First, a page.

Playlist 06.028.20 : Five Songs for the Weekend

Playlist 06.028.20 : Five Songs for the Weekend
Playlist 06.028.20 : Five Songs for the Weekend
Playlist 06.028.20 : Five Songs for the Weekend

Six years after their excellent record Complètement Fou, French duo Yelle (Jean-François Perrier aka GrandMarnier + Julie Budet) have finally announced the release of their fourth album. Following on from “Je t’aime encore,” a bitter love letter addressed to their home country, they’re now back with something totally euphoric. With its syncopated syllables and short sentences, the second single lifted from the album sounds a bit Japanese. It’s actually not a coincidence as it is titled “Karaté”. Like this martial art, it is definitely frontal and straightforward; everything we need at the moment.

Read the rest of this article at Highclouds

Annie is back. The Norwegian pop artist born Anne Lilia Berge Strand, whose last studio album Don’t Stop was released back in 2009, will return with her third LP this fall. It’s called Dark Hearts and will arrive October 16. The first single from the album is called “American Cars.”

The album was produced by Sound of Arrows’ Stefan Storm. In a statement, Annie called Dark Hearts “the soundtrack to a film that doesn’t exist.” She added that “American Cars” is partly inspired by David Cronenberg’s Crash. “I did a lot of recording while I was pregnant, puking while I was singing,” she said. “Stefan had to go out to buy me liquorice, but I still managed to do some quite good vocals.”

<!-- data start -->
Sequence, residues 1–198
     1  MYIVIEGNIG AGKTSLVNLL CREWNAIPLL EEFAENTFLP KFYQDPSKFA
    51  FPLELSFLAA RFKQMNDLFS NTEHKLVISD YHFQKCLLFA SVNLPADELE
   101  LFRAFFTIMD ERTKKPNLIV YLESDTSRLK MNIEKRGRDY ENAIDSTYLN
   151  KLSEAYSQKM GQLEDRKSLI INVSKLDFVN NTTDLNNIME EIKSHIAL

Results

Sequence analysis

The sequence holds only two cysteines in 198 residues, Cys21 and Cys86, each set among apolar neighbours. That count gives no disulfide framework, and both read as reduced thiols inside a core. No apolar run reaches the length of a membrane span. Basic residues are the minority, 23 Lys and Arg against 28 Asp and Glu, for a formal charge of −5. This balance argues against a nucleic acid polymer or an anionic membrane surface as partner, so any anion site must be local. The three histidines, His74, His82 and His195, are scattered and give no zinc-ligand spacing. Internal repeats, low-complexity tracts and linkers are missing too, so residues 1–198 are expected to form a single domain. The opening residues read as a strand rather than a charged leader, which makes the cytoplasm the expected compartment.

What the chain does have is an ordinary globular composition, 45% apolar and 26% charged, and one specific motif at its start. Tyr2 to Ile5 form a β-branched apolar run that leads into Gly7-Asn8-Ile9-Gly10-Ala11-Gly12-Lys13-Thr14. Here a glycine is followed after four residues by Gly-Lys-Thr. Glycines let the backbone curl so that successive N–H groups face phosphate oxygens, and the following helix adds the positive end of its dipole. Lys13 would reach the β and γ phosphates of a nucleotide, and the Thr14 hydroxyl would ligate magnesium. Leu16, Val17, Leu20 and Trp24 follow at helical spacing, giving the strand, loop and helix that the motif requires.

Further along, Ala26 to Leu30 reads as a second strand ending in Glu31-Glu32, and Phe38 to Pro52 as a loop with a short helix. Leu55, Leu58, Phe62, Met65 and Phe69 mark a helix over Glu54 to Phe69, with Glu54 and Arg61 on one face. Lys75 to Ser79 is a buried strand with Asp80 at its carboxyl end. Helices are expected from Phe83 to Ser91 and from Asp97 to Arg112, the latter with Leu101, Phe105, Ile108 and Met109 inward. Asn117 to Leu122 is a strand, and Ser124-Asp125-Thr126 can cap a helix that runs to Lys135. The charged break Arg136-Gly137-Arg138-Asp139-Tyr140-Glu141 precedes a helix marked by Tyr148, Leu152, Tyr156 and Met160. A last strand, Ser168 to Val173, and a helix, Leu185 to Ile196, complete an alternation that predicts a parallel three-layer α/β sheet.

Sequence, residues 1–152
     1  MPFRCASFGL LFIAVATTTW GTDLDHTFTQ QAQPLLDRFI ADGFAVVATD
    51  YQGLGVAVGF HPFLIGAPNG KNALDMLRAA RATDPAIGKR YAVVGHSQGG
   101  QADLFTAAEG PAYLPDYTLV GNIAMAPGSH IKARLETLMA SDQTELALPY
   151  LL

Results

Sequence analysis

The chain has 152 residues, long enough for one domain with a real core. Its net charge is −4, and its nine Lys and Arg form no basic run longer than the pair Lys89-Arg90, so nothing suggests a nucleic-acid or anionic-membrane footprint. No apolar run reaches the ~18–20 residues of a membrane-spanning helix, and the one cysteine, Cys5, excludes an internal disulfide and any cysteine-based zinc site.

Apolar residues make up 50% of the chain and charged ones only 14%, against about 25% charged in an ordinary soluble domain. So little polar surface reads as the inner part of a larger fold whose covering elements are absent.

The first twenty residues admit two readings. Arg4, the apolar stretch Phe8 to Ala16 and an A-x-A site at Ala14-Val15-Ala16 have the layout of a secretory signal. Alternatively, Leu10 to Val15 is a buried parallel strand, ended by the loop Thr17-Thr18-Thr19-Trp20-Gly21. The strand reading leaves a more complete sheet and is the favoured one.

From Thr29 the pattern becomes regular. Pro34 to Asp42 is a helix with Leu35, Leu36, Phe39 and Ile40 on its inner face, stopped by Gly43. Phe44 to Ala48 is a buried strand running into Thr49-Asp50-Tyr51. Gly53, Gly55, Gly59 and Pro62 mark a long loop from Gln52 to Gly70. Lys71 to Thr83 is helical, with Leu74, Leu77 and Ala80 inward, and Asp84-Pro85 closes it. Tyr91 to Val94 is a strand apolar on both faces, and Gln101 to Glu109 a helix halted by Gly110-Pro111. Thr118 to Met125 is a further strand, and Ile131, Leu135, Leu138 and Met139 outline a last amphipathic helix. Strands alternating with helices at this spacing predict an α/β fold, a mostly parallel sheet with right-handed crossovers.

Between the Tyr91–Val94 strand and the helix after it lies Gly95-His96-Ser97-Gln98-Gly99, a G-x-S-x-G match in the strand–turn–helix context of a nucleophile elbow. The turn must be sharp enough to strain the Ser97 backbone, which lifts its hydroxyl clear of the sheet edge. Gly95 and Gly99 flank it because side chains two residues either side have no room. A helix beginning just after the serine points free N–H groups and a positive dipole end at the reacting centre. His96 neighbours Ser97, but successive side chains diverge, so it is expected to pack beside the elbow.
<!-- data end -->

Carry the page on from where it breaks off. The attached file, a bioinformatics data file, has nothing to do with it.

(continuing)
Annie came to prominence at the beginning of the 2000s after the release of her debut single “Greatest Hit.” Her song “Heartbeat,” a single from her debut Anniemal, was named Pitchfork’s best song of 2004. Her most recent release, the Endless Vacation EP, was issued in 2015; the previous year, she protested Russian anti-gay laws with the single “Russian Kiss.”

Read the rest of this article at Pitchfork

Two of the music world’s biggest international names, Arca and Rosalía have teamed up for the new single “KLK”.

The joint track serves as the latest single from Arca’s forthcoming album, KiCk i. Featuring co-production from the Venezuelan artist’s long-time collaborator Cardopusher, “KLK” is described in a press release as a “cyberpunk reggaetón song.” It’s a joyous and jittery electronic banger that finds Rosalía singing (loosely translated from Spanish) “Here with me, we are blessed!”

Check out how Arca and Roslía’s vocals intertwine throughout “KLK” by taking a listen below.

“KLK” marks the fourth song released from KiCk i following “Mequetrefe”, “Nonbinary”, and “Time”, The album is set for a June 26th release via XL Recordings. Besides Rosalía, other guests include SOPHIE and Arca’s frequent associate Björk. It follows Arca’s self-titled record from 2017, which we named one of our favorite albums of the year.

The track is just the latest collaboration from Rosalía, who shared “TKN” with Travis Scott in May and has been teasing something with Billie Eilish. The Catalonian pop star also released the standalone singles “Dolerme” and “Juro Que”.

Read the rest of this article at Consequence of Sound